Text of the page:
Diet: If you see a bluejay in your area, be sure to fill the feeder with suet, peanuts, and Black Oil Sunflower seeds. Perhaps you’ll meet a new buddy.
In Illinois, Downy Woodpeckers are among the most prevalent birds. They’re undoubtedly familiar to you because they can be found in most backyards.
Fortunately, it’s simple to draw this type of woodpecker to your garden. Ideally, suet, sunflower seeds, and peanuts should be consumed (including peanut butter). They could be seen sipping sugar water from your hummingbird feeders, too! Use a dedicated suet bird feeder if you use suet goods.
My prediction is that you will start hearing Downy Woodpeckers everywhere you go once you learn what to listen for. Their cries sound like high-pitched whinnying noises that go lower in pitch as they go on.
In Illinois, mourning doves are visible throughout the year, but from July to September, when they breed, is when they are most numerous. They are listed in 28% of the state’s winter checklists and 38% of its summer checklists.
Mourning Doves have long tails, plump bodies, and beautiful little heads. They have wings that are a light brown tint with black markings. Men are a little bit heavier than women.
Mourning Doves are widespread across the lower 48 states throughout the year, however they occasionally move after nesting in the northern Midwest and southern Canada.
In meadows, farms, and backyards, mourning doves can be spotted perched on telephone lines and scavenging for seeds on the ground. They may also be found in open spaces at the borders of forests.
Put out platform feeders or sprinkle millet on the ground to draw mourning doves to your garden. They will also consume broken corn, peanut hearts, black sunflower seeds, and nyjer.
Bluebirds, as its name suggests, have a blue back and bellies that are rusty reddish-orange. Males have brighter coloration than females, who have considerably duller coloring.
They are probably much the most sought-after tenants of birdhouses in the United States, which has led to a boom in the bluebird house market. Although less frequent at feeders, they are fairly abundant in backyards. Install a birdhouse and try your luck at luring a mating couple; I was successful with a birdhouse I bought from Amazon.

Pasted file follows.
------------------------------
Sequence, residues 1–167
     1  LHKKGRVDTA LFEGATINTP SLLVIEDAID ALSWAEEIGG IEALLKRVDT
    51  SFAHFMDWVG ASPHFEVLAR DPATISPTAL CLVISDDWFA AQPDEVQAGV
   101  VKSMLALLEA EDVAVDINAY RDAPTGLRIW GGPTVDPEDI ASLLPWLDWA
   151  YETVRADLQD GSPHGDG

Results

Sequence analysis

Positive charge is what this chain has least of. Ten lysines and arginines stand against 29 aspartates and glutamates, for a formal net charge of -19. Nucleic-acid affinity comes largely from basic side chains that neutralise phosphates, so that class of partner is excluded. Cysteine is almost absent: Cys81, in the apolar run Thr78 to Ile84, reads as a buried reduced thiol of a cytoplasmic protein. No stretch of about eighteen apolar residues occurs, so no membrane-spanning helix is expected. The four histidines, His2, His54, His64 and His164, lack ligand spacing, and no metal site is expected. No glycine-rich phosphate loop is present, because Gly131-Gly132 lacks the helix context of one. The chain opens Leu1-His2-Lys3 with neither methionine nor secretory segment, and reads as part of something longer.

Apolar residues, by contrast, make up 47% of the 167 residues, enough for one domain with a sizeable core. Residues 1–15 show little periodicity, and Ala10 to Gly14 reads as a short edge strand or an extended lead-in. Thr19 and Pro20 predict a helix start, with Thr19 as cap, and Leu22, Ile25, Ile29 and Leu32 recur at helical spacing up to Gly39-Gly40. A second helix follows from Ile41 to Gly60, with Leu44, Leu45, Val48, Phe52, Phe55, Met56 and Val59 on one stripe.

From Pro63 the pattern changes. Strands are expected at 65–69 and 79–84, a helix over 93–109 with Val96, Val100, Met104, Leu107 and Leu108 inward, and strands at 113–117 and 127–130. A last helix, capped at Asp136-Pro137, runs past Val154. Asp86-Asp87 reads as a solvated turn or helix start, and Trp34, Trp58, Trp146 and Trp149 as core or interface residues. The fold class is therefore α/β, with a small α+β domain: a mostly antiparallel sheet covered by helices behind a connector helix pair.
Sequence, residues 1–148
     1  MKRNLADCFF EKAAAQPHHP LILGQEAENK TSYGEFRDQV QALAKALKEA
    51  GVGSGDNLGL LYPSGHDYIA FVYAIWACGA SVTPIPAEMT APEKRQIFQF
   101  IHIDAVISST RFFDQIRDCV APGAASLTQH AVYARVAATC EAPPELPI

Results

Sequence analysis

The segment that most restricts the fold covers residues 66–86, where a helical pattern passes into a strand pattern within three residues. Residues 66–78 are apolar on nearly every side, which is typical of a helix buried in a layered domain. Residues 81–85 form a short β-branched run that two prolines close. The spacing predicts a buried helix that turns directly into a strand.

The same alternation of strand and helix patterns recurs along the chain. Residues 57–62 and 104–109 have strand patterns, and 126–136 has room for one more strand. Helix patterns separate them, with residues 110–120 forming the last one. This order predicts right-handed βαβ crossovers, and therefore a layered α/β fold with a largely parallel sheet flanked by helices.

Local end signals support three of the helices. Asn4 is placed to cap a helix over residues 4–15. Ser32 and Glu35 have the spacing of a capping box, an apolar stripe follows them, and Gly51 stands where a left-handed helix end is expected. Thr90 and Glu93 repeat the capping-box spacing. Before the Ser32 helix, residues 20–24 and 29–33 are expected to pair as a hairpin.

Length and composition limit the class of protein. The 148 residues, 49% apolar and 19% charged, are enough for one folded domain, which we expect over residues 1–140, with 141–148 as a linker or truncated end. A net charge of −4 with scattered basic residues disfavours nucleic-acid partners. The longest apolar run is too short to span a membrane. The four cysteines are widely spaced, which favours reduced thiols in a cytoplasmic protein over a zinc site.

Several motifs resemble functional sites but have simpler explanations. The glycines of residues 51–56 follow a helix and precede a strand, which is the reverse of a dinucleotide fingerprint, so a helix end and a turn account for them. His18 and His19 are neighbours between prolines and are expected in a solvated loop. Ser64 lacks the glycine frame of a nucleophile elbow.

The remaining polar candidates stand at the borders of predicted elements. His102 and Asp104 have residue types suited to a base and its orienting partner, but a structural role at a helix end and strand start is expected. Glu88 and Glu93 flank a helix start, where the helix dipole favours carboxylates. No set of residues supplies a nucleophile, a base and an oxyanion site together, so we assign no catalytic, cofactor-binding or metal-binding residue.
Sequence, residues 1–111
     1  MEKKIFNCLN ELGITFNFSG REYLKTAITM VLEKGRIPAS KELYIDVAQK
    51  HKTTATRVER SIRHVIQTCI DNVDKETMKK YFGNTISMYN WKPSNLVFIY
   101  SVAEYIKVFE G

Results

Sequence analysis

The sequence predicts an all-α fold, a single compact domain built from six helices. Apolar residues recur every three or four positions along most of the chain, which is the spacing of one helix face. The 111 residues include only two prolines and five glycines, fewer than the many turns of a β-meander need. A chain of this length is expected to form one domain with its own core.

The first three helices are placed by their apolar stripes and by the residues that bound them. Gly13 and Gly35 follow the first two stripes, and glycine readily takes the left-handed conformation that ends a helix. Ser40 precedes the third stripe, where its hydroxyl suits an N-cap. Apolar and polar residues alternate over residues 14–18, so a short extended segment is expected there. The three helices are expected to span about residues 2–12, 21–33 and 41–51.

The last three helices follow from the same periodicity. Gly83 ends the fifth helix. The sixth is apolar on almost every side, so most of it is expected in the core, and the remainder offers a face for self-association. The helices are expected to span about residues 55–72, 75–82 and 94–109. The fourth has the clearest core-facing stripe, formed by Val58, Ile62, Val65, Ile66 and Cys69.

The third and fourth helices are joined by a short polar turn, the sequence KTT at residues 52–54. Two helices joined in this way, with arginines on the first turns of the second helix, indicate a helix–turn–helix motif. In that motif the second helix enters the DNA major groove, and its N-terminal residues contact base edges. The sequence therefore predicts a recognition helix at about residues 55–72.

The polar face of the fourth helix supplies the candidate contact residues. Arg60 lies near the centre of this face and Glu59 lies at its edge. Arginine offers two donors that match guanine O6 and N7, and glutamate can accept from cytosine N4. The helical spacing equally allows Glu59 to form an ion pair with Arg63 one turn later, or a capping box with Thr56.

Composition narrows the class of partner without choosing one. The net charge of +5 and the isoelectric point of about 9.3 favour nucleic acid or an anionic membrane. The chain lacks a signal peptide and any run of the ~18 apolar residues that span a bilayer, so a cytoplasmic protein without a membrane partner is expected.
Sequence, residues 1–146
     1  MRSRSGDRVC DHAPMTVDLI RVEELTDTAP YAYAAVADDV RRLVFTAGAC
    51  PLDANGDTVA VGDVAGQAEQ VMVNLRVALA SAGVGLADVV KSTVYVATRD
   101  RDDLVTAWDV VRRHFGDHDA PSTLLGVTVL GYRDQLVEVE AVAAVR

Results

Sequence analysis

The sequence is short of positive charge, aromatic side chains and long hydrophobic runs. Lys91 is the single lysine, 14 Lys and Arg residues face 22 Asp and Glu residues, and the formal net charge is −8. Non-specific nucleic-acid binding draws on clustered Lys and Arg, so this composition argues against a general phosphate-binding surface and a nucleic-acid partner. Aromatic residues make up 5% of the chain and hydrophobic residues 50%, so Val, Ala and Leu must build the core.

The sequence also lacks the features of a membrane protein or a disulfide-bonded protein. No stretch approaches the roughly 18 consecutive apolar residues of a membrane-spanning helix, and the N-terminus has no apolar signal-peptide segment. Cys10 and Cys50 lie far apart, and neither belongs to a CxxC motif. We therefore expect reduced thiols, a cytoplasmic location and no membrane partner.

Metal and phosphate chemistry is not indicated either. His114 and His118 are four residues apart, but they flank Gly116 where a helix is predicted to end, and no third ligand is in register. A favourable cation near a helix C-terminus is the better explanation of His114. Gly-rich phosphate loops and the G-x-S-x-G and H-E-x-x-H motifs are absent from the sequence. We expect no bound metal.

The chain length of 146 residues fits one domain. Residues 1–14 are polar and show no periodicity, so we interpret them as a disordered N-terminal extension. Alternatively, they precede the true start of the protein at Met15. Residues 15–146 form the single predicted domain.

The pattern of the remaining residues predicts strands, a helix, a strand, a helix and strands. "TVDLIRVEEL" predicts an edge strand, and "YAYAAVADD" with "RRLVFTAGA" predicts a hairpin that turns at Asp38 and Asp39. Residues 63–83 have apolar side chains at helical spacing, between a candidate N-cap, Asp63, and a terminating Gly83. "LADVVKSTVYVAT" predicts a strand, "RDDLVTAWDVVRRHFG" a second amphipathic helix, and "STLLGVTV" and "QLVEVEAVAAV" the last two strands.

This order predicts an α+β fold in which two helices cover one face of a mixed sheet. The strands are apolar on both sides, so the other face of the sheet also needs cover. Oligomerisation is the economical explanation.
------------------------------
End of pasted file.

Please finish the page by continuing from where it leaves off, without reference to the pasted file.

Only in Illinois do the Eastern Bluebirds remain for the entire year.
Although bluebirds don’t normally consume seeds, mealworms and suet nuggets placed on a tray feeder or in a dish might tempt them to frequent feeders.
Male House Finches are charming little fellows in terms of color and markings. They have medium-sized tails, brown or gray backs, and wings with two wingbars on each wing and vertical black streaking.
These birds have pink cheeks, gray skin around the eyes, and often one or two “zigzag” gray lines in the plumage. The breast is rosy red and gray, turning to white with dark streaking as it passes down the underbelly. Their gray bills are short, robust, and somewhat curved.
Size: The wingspans of these birds range from 7.9 to 9.8 inches, while their lengths are between 5.5 and 5.5 inches.
Habitat: Like the Blue Jay, House Finches are quite used to human culture and love spending time in parks, farms, and backyards when they are not at the border of the forest. They’ll come to your feeder, but because they like to travel in flocks, you’ll want to supply it full.
Diet: This bird primarily consumes insects and fruits in the wild, so try adding mealworms and some berries to your feeder (fresh is preferable over dried). You might just get the full attention of the House Finche.
In Illinois, Hairy Woodpeckers are frequent visitors to old-growth forests, suburban yards, city parks, swamps, orchards, and even cemeteries. Actually, they are anywhere there are lots of big trees.
The most typical call is a brief, piercing “peek,” which resembles a Downy Woodpecker but is somewhat lower in pitch. They also emit a harsh whinnying or rattling sound.
Due to their resemblance to Downy Woodpeckers, Hairy Woodpeckers might be a little challenging to distinguish. Many people find these two birds to be difficult to distinguish between, making it difficult to know which one you are seeing.